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by Andrea M. Darcy
Often feel completely misunderstood? And it frustrates to you? To the point you find yourself accusing partners or friends by asking, “And how well do you me, anyway?”.
Learning how to communicate so that you are seen and heard can end this cycle of pushing others away for not ‘getting’ you.
Does it really matter if I’m understood?
A research study using magnetic resonance imaging found that when we feel understood, it sees us using the part of our brain that leads to social connection and feeling rewarded.
When we feel misunderstood, it activates regions connected to ‘negative affect’. In other words, we are more likely to feel depressed and alone.
Another research study that had people journal daily found they reported greater life satisfaction and even less physical illness and complaints on the days they felt understood by others.
How well do you know me?
The answer here could be, “As well as I let myself be known”.
When nobody seems to understand us, it can often be as we are, without realising it, blocking people from seeing who we are. We are:
Communicating who you are
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If we feel constantly misunderstood it can signal that we need to invest some substantial time in getting to know ourselves better. We need to nail down our personal values, our boundaries, our true wants and needs.
But we can also make a lot of change in our level of being understood by troubleshooting our communication.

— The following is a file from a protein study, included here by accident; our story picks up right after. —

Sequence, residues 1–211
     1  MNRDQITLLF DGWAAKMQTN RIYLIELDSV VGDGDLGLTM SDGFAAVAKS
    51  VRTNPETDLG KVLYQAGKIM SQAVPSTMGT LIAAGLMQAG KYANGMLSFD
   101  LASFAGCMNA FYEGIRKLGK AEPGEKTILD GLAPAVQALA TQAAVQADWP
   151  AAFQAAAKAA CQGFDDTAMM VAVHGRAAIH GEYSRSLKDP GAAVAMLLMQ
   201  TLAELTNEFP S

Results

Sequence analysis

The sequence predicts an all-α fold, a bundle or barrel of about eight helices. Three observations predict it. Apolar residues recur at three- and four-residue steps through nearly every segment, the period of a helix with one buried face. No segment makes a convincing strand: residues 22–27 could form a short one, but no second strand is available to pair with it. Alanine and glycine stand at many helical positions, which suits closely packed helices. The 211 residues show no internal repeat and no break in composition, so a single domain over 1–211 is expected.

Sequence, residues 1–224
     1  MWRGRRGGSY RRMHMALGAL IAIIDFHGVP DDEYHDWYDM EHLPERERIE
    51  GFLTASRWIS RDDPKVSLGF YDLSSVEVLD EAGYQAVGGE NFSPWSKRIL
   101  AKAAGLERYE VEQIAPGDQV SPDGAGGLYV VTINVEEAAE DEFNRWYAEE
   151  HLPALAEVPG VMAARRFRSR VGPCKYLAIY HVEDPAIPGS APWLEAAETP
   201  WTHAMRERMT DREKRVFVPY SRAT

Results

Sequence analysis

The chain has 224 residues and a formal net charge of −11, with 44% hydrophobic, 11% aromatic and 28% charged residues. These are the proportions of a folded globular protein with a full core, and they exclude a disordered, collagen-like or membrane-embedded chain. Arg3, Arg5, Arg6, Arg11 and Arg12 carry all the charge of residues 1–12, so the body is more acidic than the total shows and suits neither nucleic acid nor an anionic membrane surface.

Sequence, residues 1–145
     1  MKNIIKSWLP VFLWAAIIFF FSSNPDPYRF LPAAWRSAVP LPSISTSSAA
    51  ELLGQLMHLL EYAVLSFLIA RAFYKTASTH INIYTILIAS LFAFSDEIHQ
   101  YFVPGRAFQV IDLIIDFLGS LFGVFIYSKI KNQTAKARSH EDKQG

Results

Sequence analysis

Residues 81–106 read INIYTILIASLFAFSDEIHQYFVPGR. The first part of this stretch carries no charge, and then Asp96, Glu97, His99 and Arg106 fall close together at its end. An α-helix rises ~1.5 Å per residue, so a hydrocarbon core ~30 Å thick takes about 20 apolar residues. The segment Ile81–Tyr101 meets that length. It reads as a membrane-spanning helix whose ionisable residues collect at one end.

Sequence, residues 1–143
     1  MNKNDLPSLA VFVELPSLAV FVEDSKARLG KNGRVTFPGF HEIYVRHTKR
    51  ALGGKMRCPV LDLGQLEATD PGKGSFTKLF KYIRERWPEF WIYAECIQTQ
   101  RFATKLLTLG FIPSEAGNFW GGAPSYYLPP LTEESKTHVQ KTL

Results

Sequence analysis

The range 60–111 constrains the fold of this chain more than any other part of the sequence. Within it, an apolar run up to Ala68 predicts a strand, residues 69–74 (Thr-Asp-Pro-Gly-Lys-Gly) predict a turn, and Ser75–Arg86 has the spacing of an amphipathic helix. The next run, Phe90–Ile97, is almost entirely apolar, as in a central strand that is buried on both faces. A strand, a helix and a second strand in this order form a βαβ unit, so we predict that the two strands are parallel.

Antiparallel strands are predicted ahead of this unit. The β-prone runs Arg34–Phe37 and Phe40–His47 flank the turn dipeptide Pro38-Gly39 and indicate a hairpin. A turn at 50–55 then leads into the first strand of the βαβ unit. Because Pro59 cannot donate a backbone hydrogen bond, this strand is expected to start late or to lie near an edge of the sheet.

1. Create space to be wrong.
Endless pleasing means we never say what we truly think or want for fear of being judged as wrong or silly. And if this is a longstanding pattern for you, it’s not likely that suddenly transitioning to just stating your mind is going to happen.
What can help with the transition can be creating room to be wrong. This involves literally saying the phrase in conversations.
When you want to share a thought or need that you feel shy about, just outright start by saying, I could be wrong, but….”. For example, “Look, I could be wrong here, but I feel uncomfortable about the way this trip is organised.”
2. Slow down and make time to decide.
This can also create more time for you to make a decision. “I could be wrong, but this is how I feel right now.” This means you can always change your mind.
Otherwise, learn to ask for time to think over feeling pressured to make snap decisions and doing things that give people the wrong idea about who you are.
“I need time to think about it” is perfectly fair. As is saying, “to be honest I am not really sure what I feel about this right now, I’ll get back to you.”
3. Say no for now, not yes for now.
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Most of us, if we have a streak of codependency or grew up needing to please our parents or caregivers to get the attention a child needs? Have a default setting of saying ‘yes for now’.
We say, ‘I guess I could”, “I think maybe I can,” “sure, I guess”. And then feel angry that the other person can’t see we don’t really want to the thing in question.
Avoid this trap by learning to say ‘no for now’.
- “I’ll say no for now and have a think.”